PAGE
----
for the loss. Now when the IgG antibodies bind to desmogleins
on the surface of cells, they trigger apoptosis, or programmed cell death. In that process, proteases get released, which
are enzymes that break down the proteins that make up the desmosomes. The loss of desmosomes leads to acantholysis,
which is the process of cells letting go of one another, and that directly leads to the
formation of bullae, or blisters. Since hemidesmosomes are not affected, basal
cells remain anchored to the basement membrane, but separate from other cells of the epidermis
– and that’s called tombstoning. So the bullae of pemphigus vulgaris are intraepidermal,
meaning that they’re within the epidermis, while the bullae of a similar disease, bullous
pemphigoid are subepidermal, between epidermis and dermis. Early on in pemphigus vulgaris there can be
bullae and ulcerations on the oral mucosa, but any type of mucosa can be affected. The oral lesions can be very painful and can
lead a person to have difficulty with eating and drinking. The mucocutaneous form develops skin lesions
as well. At first, the affected skin has flat red areas
called macules, and they can appear almost anywhere on the body. Over time the macules develop into bullae
or blisters, which eventually rupture and leave painful erosions. Sometimes, the lesions can get infected and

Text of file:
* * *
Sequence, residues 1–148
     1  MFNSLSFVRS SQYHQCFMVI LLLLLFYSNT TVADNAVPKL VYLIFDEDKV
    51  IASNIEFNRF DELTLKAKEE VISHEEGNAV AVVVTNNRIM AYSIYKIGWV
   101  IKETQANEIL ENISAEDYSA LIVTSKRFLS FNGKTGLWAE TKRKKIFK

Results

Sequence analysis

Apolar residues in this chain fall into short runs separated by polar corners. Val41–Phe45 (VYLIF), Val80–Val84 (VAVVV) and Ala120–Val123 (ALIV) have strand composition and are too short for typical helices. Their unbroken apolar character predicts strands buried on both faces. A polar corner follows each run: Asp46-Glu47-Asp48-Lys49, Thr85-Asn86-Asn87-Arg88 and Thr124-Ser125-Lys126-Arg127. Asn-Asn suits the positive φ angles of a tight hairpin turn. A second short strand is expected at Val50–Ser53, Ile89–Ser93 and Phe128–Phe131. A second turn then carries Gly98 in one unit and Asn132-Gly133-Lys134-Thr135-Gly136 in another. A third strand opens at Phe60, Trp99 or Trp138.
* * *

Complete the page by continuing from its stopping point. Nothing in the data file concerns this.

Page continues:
that can worsen the pain and discomfort. A classic sign to help diagnose pemphigus
vulgaris is the Nikolsky’s sign – which is when lateral pressure is applied to the
lesion, and it causes a split to form between the upper and lower layers of the epidermis. In other skin conditions, like bullous pemphigoid,
the skin doesn’t split, resulting in a negative Nikolsky’s sign. In addition, a skin biopsy can be used to
look for signs of acantholysis and tombstoning. Finally, direct immunofluorescence can be
used. That’s where antibodies marked with fluorescent
molecules, are used to tag the autoreactive IgG antibodies, which are attacking the epidermal
cells. Treatment of pemphigus vulgaris can include
both topical and systemic corticosteroids depending on the severity of the disease. In addition, rituximab can be used. Rituximab is a monoclonal antibody, which
binds to B cells and inhibits the production of anti desmosomal IgG antibodies. Finally, to lessen the pain of the oral lesions,
topical rinses like viscous lidocaine can be used. All right, as a quick recap pemphigus vulgaris
is an autoimmune skin disorder where B cells create IgG antibodies that target desmoglein
1 and 3. The destruction of these desmosome proteins
leads to the formation of intraepidermal blisters in the mucosa and the skin. Symptoms include oral and skin lesions and
flaccid blisters, which can be diagnosed by a positive Nikolsky’s sign, skin biopsy,
or direct immunofluorescence. Topical and systemic corticosteroids, and
rituximab can be used to treat the disease.

27 Comments

Leave a Reply

Your email address will not be published. Required fields are marked *